(a.) Any damage or violation of, the person, character, feelings, rights, property, or interests of an individual; that which injures, or occasions wrong, loss, damage, or detriment; harm; hurt; loss; mischief; wrong; evil; as, his health was impaired by a severe injury; slander is an injury to the character.
(1) Such a signal must be due to a small ferromagnetic crystal formed when the nerve is subjected to pressure, such as that due to mechanical injury.
(2) In this study of ten consecutive patients sustaining molten metal injuries to the lower extremity who were treated with excision and grafting, treatment with compression Unna paste boot was compared with that with conventional dressing.
(3) Van Persie's knee injury meant that Mata could work in tandem with the delightfully nimble Kagawa, starting for the first time since 22 January.
(4) It is concluded that amlodipine reduces myocardial ischemic injury by mechanism(s) that may involve a reduction in myocardial oxygen demand as well as by positively influencing transmembrane Ca2+ fluxes during ischemia and reperfusion.
(5) Of the 594 patients, 23.7% died and 38.7% had documented inhalation injury.
(6) After vascular injury, smooth muscle cells proliferate, reaching a maximum rate at day 2.
(7) In more than 70 per cent of these, brain injury is the decisive lethal factor.
(8) The reduction rates of peripheral leukocytes, lung Schiff bases and lung water content were not identical in rats depleted from leukocyte after inhalation injury.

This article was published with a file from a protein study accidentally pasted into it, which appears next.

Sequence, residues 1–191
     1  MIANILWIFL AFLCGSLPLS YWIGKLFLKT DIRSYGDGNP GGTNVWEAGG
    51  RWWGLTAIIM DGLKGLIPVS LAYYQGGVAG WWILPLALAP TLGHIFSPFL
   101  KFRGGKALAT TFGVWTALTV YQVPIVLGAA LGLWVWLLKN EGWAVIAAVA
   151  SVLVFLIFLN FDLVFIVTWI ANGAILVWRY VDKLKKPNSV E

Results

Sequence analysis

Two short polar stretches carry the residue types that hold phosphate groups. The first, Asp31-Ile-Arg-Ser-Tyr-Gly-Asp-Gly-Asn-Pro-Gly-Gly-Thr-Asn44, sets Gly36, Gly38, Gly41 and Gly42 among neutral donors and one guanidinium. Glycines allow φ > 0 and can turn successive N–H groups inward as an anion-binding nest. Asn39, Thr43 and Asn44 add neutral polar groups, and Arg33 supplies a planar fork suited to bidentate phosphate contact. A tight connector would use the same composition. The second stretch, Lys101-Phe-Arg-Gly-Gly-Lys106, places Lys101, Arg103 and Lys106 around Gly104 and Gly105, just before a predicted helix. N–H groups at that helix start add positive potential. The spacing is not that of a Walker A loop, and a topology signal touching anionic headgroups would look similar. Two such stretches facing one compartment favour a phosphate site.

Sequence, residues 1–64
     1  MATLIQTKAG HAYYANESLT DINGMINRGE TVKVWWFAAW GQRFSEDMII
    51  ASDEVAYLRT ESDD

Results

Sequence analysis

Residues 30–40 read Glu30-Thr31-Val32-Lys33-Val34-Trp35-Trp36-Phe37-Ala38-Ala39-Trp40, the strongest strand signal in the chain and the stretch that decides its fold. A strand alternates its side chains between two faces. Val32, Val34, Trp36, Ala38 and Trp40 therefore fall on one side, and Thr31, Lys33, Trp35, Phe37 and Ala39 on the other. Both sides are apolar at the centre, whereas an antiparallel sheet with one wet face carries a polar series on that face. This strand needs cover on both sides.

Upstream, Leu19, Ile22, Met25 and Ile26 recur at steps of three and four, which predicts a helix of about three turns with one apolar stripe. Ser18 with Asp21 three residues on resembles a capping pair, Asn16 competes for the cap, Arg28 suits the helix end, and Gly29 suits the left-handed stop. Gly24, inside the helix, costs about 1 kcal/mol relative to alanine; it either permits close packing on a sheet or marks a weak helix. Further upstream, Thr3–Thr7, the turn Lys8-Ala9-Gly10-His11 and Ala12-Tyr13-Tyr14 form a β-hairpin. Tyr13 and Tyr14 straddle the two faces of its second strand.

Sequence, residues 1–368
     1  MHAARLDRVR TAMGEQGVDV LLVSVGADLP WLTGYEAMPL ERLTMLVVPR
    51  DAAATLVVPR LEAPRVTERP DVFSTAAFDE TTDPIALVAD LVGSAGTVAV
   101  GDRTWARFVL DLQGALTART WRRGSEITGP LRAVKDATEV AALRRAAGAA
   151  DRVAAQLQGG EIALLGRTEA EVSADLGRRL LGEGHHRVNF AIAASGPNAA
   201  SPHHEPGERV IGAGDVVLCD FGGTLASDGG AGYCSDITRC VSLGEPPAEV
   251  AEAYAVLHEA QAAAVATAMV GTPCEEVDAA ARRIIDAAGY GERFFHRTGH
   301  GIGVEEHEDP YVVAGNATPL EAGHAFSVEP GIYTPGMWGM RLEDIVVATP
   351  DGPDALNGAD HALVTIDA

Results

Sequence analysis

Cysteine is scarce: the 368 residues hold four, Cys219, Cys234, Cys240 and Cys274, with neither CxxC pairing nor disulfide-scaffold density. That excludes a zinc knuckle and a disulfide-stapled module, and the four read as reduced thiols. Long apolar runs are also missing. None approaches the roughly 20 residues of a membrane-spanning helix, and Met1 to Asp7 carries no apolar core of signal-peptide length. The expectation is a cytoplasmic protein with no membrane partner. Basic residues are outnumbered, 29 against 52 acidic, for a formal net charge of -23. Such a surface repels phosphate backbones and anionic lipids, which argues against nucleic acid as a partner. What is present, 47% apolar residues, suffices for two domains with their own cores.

(9) An intact post-injury marriage was associated with improvement in education.
(10) The four deaths were not related to the injuries of parenchymatous organs.
(11) A review is presented concerning the development of new neuroimaging techniques in the last decade which have improved the diagnostic exploration of patients with spinal cord injuries, including studies of possible sequelae.
(12) Gross deformity, point tenderness and decrease in supination and pronation movements of the forearm were the best predictors of bony injury.
(13) Eighty-four paraplegic patients whose injury level was T2 or below and who were at least one year from spinal cord injury were screened for upper extremity complaints.
(14) He’s been so consistent this season.” Barkley took the two late penalties because the regular taker, Romelu Lukaku, had been withdrawn at half-time with a back injury that is likely to keep the striker out of Saturday’s trip to Stoke City.
(15) In common with other studies, we found that the injury occurred in competitive runners, especially females, and was likely to develop during competitive races or intensive training sessions.